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And I will put my Spirit within you, and you shall live, and I will place you in your own land.
There is a lot of talk across the churches about mission in a post-Covid society. People are eager to make plans. But our response will only work if we comprehend what has gone wrong. The unravelling we see around us is not primarily caused by the Coronavirus. The pandemic is exposing and speeding up forces which have been corroding our civic life for over forty years. The symptoms we see are the inevitable consequences of a hyper-liberal philosophy, of both the left and the right. This individualism has wreaked catastrophic effects on our institutional and social relationships and our sense of belonging, resulting in extreme inequality, mutual suspicion, loneliness and nihilism.
By contrast, our faith centres around an act of reconciliation between God and humankind. It is fundamentally relational. The vocation of the church at this time – where ‘church’ is understood as groups of faithful people – is not only to be gathered inside, but also outside, living in loving friendship with others in the neighbourhood.
We must keep our eyes on the Kingdom and on faithful relationship. The common good properly understood is not a programme or campaign and it is not utopian. It is about living a shared life, at once both conservative and radical, an orientation that liberates the human heart. It is a relational insurgency against a corrosive philosophy that is literally killing humankind and wrecking the planet. Despite their vulnerability, churches are uniquely placed to be carriers of this antidote, to be the embodiment of love, as sojourners in a broken world.
We are at the beginning of a very big change. In political terms, the common good proposes a settled pluralism of identities and interests. Our posture therefore must be to bring people together to ensure that everyone is included, no one is left behind. Despite many failures in our changing politics, there is real hope in the Levelling Up agenda. But government cannot, and should not, do it all. The work of the local church, as a dynamic Eucharistic community, is to keep alive and strengthen the human space where people can encounter God’s love, participate and talk freely, free from fear of derision, coercion or division.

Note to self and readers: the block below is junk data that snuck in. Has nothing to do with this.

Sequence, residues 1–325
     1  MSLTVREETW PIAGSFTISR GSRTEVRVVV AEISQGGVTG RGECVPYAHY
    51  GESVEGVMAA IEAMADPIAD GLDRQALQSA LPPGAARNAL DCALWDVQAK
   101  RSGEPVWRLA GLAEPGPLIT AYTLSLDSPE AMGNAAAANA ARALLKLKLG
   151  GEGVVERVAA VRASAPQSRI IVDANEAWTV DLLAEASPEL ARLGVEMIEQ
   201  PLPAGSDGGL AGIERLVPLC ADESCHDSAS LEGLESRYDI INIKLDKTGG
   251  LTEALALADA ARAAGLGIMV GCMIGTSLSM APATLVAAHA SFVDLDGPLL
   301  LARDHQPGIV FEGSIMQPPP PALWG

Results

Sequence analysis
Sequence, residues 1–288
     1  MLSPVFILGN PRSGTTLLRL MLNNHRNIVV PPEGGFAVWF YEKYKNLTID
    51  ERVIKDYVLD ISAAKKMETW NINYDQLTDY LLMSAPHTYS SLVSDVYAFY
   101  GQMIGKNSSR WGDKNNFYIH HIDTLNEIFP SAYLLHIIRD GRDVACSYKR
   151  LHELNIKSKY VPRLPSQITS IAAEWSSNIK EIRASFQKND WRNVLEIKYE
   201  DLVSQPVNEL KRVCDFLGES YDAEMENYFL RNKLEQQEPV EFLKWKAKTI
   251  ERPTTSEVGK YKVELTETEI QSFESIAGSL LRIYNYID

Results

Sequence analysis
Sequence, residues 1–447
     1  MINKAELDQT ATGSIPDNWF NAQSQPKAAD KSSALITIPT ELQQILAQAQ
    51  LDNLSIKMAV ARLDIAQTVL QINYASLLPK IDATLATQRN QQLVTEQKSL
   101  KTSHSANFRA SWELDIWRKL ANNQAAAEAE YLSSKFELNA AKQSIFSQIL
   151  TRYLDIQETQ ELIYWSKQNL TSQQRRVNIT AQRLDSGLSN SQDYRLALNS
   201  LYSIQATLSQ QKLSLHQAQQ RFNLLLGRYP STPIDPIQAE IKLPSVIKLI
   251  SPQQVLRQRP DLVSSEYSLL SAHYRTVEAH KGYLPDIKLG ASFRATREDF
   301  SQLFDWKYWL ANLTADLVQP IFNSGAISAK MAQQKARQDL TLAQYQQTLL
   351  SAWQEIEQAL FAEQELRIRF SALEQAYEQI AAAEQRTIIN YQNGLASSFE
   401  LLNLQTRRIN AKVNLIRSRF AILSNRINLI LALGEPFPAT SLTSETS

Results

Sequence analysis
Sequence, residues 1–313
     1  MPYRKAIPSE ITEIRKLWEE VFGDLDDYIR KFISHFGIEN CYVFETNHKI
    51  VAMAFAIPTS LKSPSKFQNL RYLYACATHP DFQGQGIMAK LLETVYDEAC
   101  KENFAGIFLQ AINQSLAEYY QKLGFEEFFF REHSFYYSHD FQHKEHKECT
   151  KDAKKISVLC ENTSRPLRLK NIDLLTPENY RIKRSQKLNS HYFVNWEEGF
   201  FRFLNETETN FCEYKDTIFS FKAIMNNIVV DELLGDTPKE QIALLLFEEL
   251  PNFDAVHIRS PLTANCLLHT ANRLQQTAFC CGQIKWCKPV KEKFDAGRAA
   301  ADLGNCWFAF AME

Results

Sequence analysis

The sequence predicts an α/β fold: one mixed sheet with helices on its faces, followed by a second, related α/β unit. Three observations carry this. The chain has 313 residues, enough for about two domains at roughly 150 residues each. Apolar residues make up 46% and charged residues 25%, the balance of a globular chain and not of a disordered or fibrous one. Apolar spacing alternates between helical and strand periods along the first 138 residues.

The local is where change will happen. Our unique civic vocation is to assemble, to develop leaders, to build relationship where God has placed us. Not to be like other institututions, not to be subordinated to secular agendas. Rather than re-educating people, our mission is about loving our neighbour, recognising our common need for meaning and belonging. It calls for an unglamorous leadership concerned less with career, management or administration, rather a Christ-like ministry devoted to loving, listening, and staying. It calls for a leadership able to receive as well as give, whose covenantal promise means accompanying people and staying for the long term.
So in this edition, we are honoured to share the testimony of two exceptional people who bear living witness to this kind of commitment. Sally Mann, a Baptist minister in Newham, argues for the deep value of staying put, while Henry Corbett, an Anglican vicar in Liverpool,is a living example of covenantal, long term commitment, choosing to stay, to love and to serve. And reflecting on our unsettled and contested pluralism, our latest public conversation examined what the common good means for society, featuring David Goodhart, Trevor Phillips and Julia Unwin – don’t miss the video and news of our next event. Finally, as usual, you’ll find our latest recommended books and articles.
Every blessing, as always
Founder and Director, Together for the Common Good
Like what you are reading? More inspirational content from Jenny Sinclair can be found here: https://togetherforthecommongood.co.uk/news-views/from-jenny-sinclair